It's human nature to want to make things easier for our loved ones – and to have great concern about adding any stress to their lives. In fact, 72 percent of retirees say that one of their biggest fears is becoming a burden on their families, according to the Edward Jones/Age Wave "Four Pillars of the New Retirement" study. How can you address this fear?
First, don't panic. In all the years leading up to your retirement, there's a lot you can do to help maintain your financial independence and avoid burdening your grown children or other family members. There are a few suggestions to consider.
Increase contributions to your retirement plans and health savings account. The greater your financial resources, the greater your financial independence – and the less likely you would ever burden your family.
So, contribute as much as you can afford to your IRA, your 401(k) or similar employer-sponsored retirement plan. At a minimum, put in enough to earn your employer's matching contributions, if offered, and increase your contributions whenever your salary goes up. You may also want to contribute to a health savings account (HSA) if it's available.
Invest for growth potential. If you start investing early enough, you'll have a long time horizon, which means you'll have the opportunity to take advantage of investments that offer growth potential.
So, in all your investment vehicles – IRA, 401(k), HSA and whatever other accounts you may have – try to devote a reasonable percentage of your portfolio to growth-oriented investments, such as stocks and stock-based funds.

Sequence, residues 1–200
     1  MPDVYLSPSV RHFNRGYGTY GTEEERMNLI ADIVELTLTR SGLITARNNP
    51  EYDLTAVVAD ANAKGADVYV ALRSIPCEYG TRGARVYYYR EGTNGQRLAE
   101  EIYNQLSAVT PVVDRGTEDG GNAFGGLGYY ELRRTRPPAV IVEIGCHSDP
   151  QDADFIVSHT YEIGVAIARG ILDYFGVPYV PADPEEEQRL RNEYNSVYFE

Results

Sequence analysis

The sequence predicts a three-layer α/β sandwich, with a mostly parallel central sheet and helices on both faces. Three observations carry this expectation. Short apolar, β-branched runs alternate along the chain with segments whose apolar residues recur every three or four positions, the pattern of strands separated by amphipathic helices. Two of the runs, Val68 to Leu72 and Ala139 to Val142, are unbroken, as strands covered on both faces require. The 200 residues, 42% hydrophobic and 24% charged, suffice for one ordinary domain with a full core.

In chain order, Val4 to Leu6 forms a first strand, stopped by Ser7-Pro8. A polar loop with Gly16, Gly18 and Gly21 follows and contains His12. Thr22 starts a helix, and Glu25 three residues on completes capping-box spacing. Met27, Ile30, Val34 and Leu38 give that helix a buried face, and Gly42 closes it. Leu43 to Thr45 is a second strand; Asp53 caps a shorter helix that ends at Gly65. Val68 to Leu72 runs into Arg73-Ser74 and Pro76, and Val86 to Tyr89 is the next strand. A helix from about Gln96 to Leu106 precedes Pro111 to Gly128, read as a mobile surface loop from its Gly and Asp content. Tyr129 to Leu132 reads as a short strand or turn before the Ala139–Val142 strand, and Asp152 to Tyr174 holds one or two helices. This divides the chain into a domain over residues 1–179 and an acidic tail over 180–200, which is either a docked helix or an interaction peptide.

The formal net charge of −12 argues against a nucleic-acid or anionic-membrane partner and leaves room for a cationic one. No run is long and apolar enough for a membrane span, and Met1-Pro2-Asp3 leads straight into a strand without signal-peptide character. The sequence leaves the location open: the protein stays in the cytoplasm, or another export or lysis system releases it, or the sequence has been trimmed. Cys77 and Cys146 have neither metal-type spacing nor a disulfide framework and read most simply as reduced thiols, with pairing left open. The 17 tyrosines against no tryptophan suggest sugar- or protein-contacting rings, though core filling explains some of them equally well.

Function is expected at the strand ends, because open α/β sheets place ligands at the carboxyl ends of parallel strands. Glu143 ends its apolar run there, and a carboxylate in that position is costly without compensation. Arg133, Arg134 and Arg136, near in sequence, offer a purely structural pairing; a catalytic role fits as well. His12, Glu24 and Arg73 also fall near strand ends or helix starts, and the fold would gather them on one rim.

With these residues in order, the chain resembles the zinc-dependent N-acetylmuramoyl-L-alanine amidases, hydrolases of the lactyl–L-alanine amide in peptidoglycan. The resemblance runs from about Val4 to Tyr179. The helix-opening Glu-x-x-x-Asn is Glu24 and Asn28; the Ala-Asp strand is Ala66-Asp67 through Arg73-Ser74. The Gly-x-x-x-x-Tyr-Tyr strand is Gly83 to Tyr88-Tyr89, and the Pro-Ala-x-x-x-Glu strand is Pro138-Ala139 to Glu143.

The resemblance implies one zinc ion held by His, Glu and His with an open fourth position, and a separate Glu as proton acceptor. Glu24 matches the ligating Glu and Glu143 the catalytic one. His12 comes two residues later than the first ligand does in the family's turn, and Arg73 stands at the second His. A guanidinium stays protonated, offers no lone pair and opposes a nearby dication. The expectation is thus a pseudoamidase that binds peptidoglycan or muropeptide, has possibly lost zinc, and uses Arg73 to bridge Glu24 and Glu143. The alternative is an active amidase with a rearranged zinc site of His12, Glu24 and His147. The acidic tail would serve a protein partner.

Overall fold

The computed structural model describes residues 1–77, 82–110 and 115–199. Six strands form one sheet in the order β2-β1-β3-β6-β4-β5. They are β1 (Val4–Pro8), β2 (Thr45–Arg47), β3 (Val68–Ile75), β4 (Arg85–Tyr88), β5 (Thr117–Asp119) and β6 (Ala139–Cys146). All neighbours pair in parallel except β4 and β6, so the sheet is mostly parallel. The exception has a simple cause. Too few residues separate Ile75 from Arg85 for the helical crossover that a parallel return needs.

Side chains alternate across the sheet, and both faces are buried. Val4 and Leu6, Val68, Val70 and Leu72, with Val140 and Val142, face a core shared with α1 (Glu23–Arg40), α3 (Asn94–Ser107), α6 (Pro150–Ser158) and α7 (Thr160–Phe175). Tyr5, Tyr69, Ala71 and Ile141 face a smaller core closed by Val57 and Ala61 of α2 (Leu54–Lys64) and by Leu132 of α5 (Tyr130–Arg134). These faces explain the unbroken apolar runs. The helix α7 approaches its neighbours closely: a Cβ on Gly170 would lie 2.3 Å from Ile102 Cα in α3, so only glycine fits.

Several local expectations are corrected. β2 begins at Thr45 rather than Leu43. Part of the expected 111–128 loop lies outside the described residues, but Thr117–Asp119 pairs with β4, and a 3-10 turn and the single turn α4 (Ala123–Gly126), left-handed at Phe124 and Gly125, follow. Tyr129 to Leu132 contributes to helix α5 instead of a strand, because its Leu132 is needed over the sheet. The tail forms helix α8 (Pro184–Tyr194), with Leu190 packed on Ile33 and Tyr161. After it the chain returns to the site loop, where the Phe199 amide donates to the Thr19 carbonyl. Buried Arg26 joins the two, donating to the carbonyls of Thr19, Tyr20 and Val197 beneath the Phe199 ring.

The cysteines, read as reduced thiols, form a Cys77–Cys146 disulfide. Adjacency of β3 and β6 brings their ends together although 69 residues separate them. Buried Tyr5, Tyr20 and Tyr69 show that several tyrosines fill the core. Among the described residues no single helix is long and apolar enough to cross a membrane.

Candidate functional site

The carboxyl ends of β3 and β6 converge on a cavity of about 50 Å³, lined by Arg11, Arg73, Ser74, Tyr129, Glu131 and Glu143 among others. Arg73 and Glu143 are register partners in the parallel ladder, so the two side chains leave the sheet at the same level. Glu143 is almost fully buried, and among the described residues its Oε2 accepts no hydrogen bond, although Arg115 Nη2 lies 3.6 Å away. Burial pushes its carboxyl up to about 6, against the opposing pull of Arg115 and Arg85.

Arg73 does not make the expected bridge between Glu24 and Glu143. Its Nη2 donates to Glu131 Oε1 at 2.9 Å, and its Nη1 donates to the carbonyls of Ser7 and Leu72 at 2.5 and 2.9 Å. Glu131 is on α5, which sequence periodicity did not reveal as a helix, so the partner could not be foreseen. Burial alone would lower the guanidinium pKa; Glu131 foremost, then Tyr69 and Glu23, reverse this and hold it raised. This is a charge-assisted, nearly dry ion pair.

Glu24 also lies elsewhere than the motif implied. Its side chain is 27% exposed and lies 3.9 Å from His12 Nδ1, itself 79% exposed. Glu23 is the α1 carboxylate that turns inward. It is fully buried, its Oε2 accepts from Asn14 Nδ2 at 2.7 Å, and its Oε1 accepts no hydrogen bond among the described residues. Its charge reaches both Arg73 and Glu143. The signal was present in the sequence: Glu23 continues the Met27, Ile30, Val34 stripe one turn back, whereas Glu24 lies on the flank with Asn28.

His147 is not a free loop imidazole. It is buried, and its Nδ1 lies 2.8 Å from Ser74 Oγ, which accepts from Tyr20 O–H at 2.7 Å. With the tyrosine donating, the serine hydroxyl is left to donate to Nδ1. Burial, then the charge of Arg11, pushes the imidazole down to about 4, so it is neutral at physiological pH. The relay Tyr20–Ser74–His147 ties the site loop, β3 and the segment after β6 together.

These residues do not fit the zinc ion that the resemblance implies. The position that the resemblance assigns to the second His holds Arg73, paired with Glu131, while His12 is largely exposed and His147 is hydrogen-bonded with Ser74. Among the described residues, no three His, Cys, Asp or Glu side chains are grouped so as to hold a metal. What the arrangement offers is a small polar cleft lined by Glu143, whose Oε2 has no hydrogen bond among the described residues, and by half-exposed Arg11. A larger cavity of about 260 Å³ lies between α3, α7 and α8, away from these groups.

Of course, there are no guarantees and you will undoubtedly see market fluctuations and downturns, but you can help reduce the impact of volatility by holding a diversified portfolio for the long term and periodically rebalancing it to help ensure it is aligned with your risk tolerance and time horizon. Keep in mind, though, that diversification does not ensure a profit or protect against loss in a declining market.
Protect yourself from long-term care costs. Even if you invest diligently for decades, your accumulated wealth could be jeopardized, and you could even become somewhat dependent on your family, if you ever need some type of long-term care, such as an extended stay in a nursing home or the services of a home health care aide.
The likelihood of your needing such assistance is not insignificant, and the care can be quite expensive. In fact, the median cost for home health services is nearly $55,000 per year, while a private room in a nursing home can exceed $100,000, according to Genworth, an insurance company.
To help protect yourself against these steep and rising costs, you may want to contact a financial professional, who can suggest an appropriate strategy, possibly involving various insurance options.
Create your estate plans. If you were ever to become incapacitated, you could end up imposing various burdens on your family. To guard against this possibility, you'll want to ensure your estate plans contain key documents, such as a financial power of attorney and a health care directive.
It's safe to say that no one ever wants to become a financial burden to their family. But putting appropriate strategies in place can go a long way toward helping avoid this outcome.
This article was written by Edward Jones for use by Carol Gengler, Edward Jones Financial Advisor. Edward Jones, Member SIPC.